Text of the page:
Lisa Jandali, HUB International 

Fostering a culture of team learning and study.

“We’ve fostered a culture of team learning and study. Since lots of us are going through similar licensing programs and exams together, we want to try and build the culture at the same time. We have a Teams channel for our study groups, encouraging them to connect in smaller groups, and work through their prep together for their exams.”

 

John Sinclair, Baker Tilly 

Taking learning programs online and tweaking them for engagement. 

“We’ve always had a culture of professional development in the accounting industry. A lot of that can be done online now. Generally it’s the same program that we’ve always had, but because we need to keep people’s attention the presenters are now focusing on ways to keep people’s attention on screen.” 

 

Q.4 How are you promoting health and wellbeing for your people in this environment?

 

Nick Chamberlain, Deloitte 

Focusing on ensuring that people are heard and being deliberate with their experiences.

“We’ve been encouraging our teams to connect amongst themselves with leaders in what we call “hives”. These hives involve 1:1 touchpoints with partners and leaders. The idea is to be deliberate about having those touchpoints. As people want to learn, grow, and be part of the experience it’s also on us to change our ways of coaching to give them what they want.” 

Lisa Jandali, HUB International 

Encouraging staff to embrace flexibility while taking care of themselves. 

“We’ve been encouraging people to embrace that flexibility by getting outside and getting their runs or activities in. At HUB, we have waking meetings and smoothie meetings on the seawall where we meet in person to discuss ideas before we head back to our desks to hammer the rest out. We also have great resources, a great EAP and medical resources available in multiple different formats, be it online, in person, or via chat.”

 

Q.5 With the shift to hybrid working, how do you maximize utilization of the workplace?

 

Nick Chamberlain, Deloitte

Designing spaces that are built for purpose. 

“What we’re trying to set up is areas for people to have intent to their day. When moving into our new Halifax office in September 2021, we set up ⅔ of our spaces to be filled with typical work stations and meeting rooms, knowing that in our prior space we didn’t have enough meeting rooms and areas for collaboration. We’ve moved from 30% collaborative space to 60% now. With the last ⅓ of our space, we’re including gallery-style meeting rooms where people in the room are surrounded by a screen, interacting in a hybrid way with those who are working remotely. Since people come into the office to get away from distractions at home, we’re including deliberate spaces for study/focus work. We also have workstations that you book for the day.”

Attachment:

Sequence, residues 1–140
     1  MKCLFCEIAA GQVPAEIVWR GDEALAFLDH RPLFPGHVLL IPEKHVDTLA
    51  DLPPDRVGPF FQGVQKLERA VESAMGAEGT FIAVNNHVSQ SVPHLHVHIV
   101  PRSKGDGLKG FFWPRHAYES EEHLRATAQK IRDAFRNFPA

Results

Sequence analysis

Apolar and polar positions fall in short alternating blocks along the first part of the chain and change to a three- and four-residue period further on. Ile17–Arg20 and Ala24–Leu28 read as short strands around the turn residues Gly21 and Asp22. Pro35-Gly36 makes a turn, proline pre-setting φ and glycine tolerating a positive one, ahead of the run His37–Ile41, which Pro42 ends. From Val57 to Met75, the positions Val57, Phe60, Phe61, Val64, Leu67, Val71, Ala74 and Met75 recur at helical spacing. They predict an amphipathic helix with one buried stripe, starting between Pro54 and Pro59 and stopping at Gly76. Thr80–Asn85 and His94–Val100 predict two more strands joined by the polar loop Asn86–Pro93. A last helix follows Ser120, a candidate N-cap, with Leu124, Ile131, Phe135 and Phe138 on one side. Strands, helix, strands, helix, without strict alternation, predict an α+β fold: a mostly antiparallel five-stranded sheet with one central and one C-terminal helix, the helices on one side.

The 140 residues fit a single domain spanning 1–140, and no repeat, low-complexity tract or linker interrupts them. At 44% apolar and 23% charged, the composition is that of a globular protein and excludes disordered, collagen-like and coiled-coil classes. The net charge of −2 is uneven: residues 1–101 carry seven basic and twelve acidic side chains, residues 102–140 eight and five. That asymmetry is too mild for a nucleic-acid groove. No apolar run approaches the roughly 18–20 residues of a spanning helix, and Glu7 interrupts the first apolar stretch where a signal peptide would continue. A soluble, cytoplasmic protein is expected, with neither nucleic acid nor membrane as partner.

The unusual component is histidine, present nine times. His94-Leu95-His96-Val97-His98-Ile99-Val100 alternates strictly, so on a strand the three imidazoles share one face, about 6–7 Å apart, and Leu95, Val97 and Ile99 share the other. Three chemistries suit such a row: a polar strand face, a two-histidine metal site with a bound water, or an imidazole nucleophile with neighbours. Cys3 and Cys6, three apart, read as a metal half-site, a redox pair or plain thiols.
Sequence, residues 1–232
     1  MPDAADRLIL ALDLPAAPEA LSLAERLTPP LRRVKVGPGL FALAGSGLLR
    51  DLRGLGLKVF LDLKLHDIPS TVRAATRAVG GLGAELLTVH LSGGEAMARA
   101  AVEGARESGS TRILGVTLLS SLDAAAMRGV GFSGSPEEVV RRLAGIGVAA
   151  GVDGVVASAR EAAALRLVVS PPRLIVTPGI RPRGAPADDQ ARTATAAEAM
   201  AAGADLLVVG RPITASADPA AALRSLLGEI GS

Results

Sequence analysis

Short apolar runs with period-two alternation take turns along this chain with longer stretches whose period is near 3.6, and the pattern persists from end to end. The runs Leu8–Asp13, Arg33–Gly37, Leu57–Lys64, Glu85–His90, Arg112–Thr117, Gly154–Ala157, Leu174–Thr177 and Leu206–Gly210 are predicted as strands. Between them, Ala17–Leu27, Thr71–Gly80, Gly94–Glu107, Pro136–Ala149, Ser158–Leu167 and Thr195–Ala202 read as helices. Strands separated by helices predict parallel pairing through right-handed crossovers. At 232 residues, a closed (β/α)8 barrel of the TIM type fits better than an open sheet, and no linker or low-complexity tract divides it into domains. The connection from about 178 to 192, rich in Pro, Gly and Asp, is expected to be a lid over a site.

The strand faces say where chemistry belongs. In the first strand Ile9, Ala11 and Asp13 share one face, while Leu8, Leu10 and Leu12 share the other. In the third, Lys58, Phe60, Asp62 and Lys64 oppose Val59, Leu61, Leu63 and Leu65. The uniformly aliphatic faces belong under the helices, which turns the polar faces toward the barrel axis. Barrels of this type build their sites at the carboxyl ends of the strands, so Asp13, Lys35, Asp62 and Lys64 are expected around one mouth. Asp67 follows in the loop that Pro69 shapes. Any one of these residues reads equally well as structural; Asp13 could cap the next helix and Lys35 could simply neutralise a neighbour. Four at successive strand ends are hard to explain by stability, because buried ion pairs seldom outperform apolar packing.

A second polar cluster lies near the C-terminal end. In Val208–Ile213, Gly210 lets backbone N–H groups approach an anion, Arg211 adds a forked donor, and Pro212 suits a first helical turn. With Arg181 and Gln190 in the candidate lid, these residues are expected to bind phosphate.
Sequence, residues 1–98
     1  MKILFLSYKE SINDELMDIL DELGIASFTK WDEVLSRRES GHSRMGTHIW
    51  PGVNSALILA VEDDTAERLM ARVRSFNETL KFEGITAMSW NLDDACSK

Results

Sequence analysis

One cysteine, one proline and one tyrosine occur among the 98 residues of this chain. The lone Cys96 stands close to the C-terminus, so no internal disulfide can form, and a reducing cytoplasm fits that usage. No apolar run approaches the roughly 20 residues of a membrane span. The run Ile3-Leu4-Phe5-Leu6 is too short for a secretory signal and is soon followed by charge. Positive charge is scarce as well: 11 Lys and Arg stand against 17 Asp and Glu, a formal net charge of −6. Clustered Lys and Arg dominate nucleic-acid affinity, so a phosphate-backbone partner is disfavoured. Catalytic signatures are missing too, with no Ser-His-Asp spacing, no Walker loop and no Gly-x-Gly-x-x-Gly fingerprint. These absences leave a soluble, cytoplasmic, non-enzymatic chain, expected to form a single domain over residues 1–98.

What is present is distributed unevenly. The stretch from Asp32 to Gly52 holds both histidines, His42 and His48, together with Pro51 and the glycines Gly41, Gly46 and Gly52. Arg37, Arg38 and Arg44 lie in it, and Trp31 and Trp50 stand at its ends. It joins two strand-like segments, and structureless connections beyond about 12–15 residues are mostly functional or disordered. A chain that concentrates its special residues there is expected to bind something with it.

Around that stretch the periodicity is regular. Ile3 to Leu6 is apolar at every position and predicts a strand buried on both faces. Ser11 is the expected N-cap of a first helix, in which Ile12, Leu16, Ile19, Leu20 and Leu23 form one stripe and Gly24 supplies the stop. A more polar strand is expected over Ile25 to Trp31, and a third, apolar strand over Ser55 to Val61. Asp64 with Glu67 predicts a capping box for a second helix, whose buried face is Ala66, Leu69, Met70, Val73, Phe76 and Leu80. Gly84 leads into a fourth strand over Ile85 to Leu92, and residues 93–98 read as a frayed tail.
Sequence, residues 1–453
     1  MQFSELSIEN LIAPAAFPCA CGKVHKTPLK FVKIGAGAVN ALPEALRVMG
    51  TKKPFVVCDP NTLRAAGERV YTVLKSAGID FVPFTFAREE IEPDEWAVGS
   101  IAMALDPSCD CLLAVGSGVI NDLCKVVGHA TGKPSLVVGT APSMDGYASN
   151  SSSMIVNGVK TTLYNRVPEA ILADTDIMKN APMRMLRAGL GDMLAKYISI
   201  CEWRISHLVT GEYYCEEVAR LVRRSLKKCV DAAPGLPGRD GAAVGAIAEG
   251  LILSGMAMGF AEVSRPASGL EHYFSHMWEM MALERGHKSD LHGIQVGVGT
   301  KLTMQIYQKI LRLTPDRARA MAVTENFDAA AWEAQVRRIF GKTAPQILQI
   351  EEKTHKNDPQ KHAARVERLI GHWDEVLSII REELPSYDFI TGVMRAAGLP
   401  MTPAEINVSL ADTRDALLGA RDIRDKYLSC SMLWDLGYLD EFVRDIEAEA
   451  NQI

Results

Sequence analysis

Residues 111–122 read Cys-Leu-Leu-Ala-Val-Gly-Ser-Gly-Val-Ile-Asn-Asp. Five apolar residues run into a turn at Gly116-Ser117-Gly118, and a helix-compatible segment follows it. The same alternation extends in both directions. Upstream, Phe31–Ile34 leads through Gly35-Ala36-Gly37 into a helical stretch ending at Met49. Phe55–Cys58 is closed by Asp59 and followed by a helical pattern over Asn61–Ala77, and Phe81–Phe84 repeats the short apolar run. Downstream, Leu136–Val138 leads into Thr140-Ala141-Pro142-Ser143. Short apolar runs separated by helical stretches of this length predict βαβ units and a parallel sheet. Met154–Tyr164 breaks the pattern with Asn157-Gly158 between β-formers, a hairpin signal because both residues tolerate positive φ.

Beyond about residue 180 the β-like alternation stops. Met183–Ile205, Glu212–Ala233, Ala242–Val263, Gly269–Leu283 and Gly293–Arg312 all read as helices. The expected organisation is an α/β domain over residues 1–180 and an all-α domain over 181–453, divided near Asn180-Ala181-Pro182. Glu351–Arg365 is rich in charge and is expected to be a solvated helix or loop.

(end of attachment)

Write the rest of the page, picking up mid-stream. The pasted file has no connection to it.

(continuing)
Robert Taylor, HUB International

Being practical with respect to our space footprint.

“We can’t have all this space if it’s not going to get utilized on a regular basis. Since the pandemic began, we have repurposed a couple of spaces to create more lounge-like spaces where people can enjoy a more casual vibe. We’re also moving towards hoteling/ desk booking options where people can book their space for when they’re going to come into the office. To help people out of feelings of isolation, we need to look for ways to help people interact on a casual basis outside of Zoom meetings that give limited time for natural interactions to take place.” 

 

John Sinclair, Baker Tilly

Designing to include more casual spaces and COVID-friendly features. 

“We’ve taken what was essentially the old lunchroom to create instead what’s now designed as a cafe. We invested a little more into it with a nice coffee machine, sparkling water dispenser, TV, and bar area and intentionally designed it as a space where you can grab a coffee and sit down to have a casual meeting. We’ve also designed the office to be COVID-friendly to dissipate hesitations for coming into the office; so we’ve included touch-less doors and faucets as well as hand sanitiser dispensers around the office.” 

Thanks to all who attended this telling Tenant Talks discussion. To hear our panellists’ answers to a round of rapid-fire and audience questions, watch the full event replay here. 

If you’d like to learn more tips on how to train your leadership team on managing productive teams in hybrid environments, read our recent blog post here